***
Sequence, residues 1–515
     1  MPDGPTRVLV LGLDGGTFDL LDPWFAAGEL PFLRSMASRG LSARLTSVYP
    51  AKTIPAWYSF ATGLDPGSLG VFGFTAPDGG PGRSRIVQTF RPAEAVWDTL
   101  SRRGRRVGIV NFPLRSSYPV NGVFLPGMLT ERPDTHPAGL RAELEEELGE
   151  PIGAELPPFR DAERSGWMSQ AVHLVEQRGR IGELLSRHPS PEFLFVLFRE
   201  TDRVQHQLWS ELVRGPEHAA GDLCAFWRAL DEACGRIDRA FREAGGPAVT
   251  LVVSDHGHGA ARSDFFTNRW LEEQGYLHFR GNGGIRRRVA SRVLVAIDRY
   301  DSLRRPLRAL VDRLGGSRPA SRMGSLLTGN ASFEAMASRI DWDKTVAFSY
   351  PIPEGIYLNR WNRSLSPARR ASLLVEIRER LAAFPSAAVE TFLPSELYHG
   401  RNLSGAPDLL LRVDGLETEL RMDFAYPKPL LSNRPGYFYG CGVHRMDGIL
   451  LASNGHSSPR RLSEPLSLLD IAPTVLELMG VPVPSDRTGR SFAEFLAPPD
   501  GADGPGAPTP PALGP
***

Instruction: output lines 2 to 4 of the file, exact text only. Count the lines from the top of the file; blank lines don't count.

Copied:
     1  MPDGPTRVLV LGLDGGTFDL LDPWFAAGEL PFLRSMASRG LSARLTSVYP
    51  AKTIPAWYSF ATGLDPGSLG VFGFTAPDGG PGRSRIVQTF RPAEAVWDTL
   101  SRRGRRVGIV NFPLRSSYPV NGVFLPGMLT ERPDTHPAGL RAELEEELGE